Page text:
Age no barrier for determined duo

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Prue Fairbrass and Chris Martin at the finish line in Albany.
Camera IconPrue Fairbrass and Chris Martin at the finish line in Albany.

There were mornings on the Bibbulmun Track when Chris Martin was so cold she could not use her fingers.

Her walking partner, Prue Fairbrass, had to help her with basic tasks like doing up buttons.

At the age of 77, Ms Martin struggled with the freezing morning temperatures in WA’s southern forests.

But the two “tramping” friends from New Zealand carried on, day after day for seven weeks, until they had completed the 1003km track.

They arrived in Albany on Thursday, tired and hungry but buoyed by a great sense of accomplishment.

Chris Martin and Prue Fairbrass at the start of the track in Kalamunda
Camera IconChris Martin and Prue Fairbrass at the start of the track in Kalamunda

“My hands were literally useless until about 10am because I was just so cold, but you still go on doing it,” Ms Martin said. “You’re not always happy. You can sit and cry and feel miserable.

“I said, ‘I’m never doing this again’, but I just love it.

“Everyone around us, our friends are dying of some ghastly thing or the other back home — life’s too short.

“You have to think of something, follow it and not be put off. Now it’s done we can go home and carry on gardening.”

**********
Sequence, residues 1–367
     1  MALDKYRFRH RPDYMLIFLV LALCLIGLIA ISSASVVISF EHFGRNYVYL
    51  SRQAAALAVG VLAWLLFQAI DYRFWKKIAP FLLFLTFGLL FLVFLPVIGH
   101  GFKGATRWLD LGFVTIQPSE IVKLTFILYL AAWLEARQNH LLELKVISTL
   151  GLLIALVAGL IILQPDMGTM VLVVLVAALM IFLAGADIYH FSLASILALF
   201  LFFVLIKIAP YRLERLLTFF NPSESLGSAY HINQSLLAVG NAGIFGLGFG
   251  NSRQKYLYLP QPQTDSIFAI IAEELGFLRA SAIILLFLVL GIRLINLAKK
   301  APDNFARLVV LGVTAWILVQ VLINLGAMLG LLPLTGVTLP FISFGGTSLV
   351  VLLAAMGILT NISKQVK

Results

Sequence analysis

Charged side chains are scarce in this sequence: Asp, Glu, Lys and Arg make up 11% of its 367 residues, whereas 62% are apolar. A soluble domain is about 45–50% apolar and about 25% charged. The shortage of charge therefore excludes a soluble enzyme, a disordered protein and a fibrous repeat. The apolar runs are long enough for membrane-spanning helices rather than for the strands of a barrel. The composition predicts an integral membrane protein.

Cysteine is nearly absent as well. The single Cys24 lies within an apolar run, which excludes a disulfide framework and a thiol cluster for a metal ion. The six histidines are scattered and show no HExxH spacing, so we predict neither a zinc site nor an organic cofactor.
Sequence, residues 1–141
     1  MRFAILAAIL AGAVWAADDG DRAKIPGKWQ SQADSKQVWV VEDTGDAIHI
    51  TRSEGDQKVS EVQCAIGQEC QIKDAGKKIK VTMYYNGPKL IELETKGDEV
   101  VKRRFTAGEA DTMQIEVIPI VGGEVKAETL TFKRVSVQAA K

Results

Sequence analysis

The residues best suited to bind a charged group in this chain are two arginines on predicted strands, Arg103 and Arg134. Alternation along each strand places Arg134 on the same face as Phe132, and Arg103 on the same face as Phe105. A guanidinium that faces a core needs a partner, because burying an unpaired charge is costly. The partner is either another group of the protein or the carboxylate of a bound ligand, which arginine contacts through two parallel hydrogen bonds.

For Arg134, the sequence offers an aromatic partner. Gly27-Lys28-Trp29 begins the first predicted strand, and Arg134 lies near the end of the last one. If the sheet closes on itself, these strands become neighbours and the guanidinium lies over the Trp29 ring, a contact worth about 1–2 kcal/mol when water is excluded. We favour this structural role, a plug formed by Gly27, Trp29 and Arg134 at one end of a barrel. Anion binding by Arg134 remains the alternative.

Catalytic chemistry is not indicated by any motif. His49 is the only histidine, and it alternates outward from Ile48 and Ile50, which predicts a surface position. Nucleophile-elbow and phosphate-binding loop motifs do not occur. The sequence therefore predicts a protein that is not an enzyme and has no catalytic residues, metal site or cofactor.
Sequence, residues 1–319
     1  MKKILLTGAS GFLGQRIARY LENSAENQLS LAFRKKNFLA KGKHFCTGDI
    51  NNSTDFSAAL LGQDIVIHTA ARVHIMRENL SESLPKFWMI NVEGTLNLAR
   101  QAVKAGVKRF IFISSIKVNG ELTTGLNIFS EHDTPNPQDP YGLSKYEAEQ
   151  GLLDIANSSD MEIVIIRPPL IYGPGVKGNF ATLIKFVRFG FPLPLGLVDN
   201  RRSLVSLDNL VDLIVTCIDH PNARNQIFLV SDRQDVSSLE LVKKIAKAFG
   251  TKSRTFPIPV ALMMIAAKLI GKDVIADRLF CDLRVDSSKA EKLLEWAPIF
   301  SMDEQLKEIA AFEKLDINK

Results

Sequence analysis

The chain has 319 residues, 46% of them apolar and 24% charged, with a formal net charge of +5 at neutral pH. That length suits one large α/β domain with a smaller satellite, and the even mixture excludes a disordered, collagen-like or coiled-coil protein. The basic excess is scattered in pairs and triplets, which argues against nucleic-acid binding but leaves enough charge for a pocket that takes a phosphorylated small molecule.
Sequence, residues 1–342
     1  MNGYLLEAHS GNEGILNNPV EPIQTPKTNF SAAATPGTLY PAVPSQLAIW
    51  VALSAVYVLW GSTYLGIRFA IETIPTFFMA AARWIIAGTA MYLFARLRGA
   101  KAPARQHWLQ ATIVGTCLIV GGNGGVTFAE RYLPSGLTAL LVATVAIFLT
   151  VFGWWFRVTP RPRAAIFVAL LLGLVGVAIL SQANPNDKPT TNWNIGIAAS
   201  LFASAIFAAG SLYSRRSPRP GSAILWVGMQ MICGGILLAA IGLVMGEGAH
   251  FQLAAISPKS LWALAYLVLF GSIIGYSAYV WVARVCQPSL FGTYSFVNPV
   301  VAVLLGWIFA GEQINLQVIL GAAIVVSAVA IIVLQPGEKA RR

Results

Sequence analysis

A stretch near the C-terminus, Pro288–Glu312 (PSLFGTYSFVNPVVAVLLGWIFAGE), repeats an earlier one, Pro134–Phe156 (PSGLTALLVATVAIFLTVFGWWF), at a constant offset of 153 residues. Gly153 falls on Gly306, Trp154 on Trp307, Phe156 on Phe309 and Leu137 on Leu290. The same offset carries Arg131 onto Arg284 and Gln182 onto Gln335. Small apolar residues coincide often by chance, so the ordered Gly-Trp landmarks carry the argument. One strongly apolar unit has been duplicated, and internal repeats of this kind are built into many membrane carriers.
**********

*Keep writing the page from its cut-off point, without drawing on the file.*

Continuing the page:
The Bibbulmun Track runs from Kalamunda to Albany, through WA’s South West forests and along the south coast.

The friends pose for a picture in a giant tingle tree.
Camera IconThe friends pose for a picture in a giant tingle tree.

Ms Martin and Ms Fairbrass had flown to Australia to tackle the Bibbulmun Track after hearing about it from a fellow hiker on the Te Araroa trail in New Zealand.

It was the longest walk they had done uninterrupted and it came within a year of both of them having half-knee replacements. They did very little planning, because that’s the way they like it.

Their diet consisted mainly of packet porridge, packet pasta, crackers and cheese.

Ms Fairbrass, 74, jarred her knee about 26 days into the walk, but managed to push on.

Chris and Prue at a scenic lookout on the South West coast.
Camera IconChris and Prue at a scenic lookout on the South West coast.

Her favourite part of the track was Sullivan Rock, a scenic granite outcrop.

“There were two or three spots on the track where it was a bit overgrown but they have the Friends of the Bibbulmun Track to clean it up. We were really impressed with it.”

One of Ms Martin’s highlights was the stretch of the track along the rugged south coast.

“From Walpole to here has been absolutely astounding,” she said.

“I’ve never seen seas like it. We had storms, we had everything. It was amazing.”

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